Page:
Des Connor

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Des Connor
Full name Desmond Michael Connor
Date of birth (1935-08-09) 9 August 1935 (age 79)
Place of birth Ashgrove, QLD
Height 1.8 m (5 ft 11 in)
Weight 78 kg (172 lb)
School Marist College Ashgrove
Occupation(s) School Teacher
Rugby union career
Playing career
Position Scrum-half
Amateur clubs
Years Club / team
Brothers Old Boys
Provincial/State sides
Years Club / team Caps (points)
1954–59 Queensland
National team(s)
Years Club / team Caps (points)
 New Zealand

Desmond Michael Connor (born 9 August 1935 in Ashgrove, QLD) is an Australian former rugby union halfback who represented internationally for both the Australian and New Zealand national rugby union teams. He is an inductee in the Australian Rugby Union Hall of Fame.

Australian rugby career[edit]

After taking up the game at the Marist Brothers Ashgrove, Connor honed his skills further with the Brothers club. He made his representative debut for Queensland in 1954 and made further appearances for the state over the next five years. [1]

He was selected in Australian national squad for the Wallabies 1957–58 Australia rugby union tour of Britain, Ireland and France. Connor made his Australian test debut on 4 January 1958 against Wales and played in all five internationals on the Australian tour. Later that year he captained the Wallabies in Tests against the New Zealand Māori rugby union team, and then played against the All Blacks on a tour of New Zealand.[2]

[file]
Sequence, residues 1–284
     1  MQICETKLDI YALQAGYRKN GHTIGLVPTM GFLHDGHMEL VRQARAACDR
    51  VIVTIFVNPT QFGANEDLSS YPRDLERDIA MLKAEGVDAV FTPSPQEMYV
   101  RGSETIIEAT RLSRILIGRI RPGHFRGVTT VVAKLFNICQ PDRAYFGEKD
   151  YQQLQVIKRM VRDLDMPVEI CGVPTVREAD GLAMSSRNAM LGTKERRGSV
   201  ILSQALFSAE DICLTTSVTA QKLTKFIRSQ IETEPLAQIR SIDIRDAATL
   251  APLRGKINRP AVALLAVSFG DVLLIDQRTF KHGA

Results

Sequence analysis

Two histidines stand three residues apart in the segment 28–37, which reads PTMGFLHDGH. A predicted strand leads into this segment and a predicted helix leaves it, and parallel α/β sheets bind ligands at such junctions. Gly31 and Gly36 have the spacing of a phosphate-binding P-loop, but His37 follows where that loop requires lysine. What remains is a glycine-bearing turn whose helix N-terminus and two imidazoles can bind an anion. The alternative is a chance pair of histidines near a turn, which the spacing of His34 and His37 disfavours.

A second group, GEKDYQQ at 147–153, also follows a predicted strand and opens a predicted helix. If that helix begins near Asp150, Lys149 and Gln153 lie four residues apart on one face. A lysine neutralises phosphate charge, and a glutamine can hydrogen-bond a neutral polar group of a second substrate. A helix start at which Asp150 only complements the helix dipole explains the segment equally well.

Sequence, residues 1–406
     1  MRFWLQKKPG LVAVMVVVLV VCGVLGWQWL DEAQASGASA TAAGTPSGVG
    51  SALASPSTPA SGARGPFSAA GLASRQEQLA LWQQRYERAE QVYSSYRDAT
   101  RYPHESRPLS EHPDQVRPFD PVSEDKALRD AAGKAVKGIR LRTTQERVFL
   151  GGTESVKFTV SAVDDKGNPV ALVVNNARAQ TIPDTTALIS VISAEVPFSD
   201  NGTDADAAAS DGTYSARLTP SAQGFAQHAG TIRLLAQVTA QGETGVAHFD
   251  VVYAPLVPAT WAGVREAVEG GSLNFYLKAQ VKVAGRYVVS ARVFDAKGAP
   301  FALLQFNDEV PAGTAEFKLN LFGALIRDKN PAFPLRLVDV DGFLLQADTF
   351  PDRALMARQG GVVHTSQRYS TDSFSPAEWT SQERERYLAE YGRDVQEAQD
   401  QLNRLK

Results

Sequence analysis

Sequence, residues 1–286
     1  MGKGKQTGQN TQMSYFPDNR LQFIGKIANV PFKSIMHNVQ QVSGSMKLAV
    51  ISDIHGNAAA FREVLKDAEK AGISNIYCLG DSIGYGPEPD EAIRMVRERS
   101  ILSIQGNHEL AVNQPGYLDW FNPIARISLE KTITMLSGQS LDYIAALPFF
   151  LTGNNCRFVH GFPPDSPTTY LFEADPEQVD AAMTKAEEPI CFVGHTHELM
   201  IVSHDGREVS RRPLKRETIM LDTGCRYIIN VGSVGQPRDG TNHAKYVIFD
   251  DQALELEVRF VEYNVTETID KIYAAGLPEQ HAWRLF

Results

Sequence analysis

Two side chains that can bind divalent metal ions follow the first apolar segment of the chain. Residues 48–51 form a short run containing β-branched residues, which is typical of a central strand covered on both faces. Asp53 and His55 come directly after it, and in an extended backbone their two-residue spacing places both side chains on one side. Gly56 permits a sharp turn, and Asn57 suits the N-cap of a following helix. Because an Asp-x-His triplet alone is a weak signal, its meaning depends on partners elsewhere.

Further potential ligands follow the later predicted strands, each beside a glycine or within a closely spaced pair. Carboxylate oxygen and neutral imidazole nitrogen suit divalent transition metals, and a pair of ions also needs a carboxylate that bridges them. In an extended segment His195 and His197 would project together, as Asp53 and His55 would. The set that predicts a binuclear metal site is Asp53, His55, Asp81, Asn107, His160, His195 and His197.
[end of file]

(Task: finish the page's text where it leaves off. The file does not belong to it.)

At the start of the 1960s he left Australia to continue his teaching career in New Zealand.[2]

New Zealand rugby career[edit]

Following his move to New Zealand he was capped 12 times by the All Blacks, with a record of 10 wins, a draw and a defeat. The defeat came in his final match in 1964, against Australia at Wellington.[3]


He was to return to Australian rugby as a coach firstly at Brisbane Brothers, then Queensland and Australia. He led the Wallabies in that role in their home series against New Zealand in 1968. A keen tactician and student of the game, Connor studied the rulebook and after consulting with referees he introduced in the first Test, the first short lineout used in the southern hemisphere. This tactic is now a common part of the game at all levels. [4] Connor also oversaw the 1969 Australia rugby union tour of South Africa. He was an Australian selector in 1970 and 1971. [5]


  1. ^ Howell p159
  2. ^ a b ARU (10 September 2008). "Des Connor inducted into Wallabies Hall of Fame". Retrieved 2 February 2011. 
  3. ^ Huw Richards (30 July 2010). "Trans-Tasman rivals break new ground". ESPN Scrum. ESPN EMEA Ltd. Retrieved 26 March 2012. 
  4. ^ Howell p159
  5. ^ "Desmond Connor". espn scrum. ESPN. Retrieved 20 April 2013. 

External links[edit]

Published sources[edit]

  • Howell, Max (2005) Born to Lead – Wallaby Test Captains, Celebrity Books, Auckland NZ
Preceded by
Bob Davidson
Australian national rugby union captain
Succeeded by
Charles Wilson (rugby)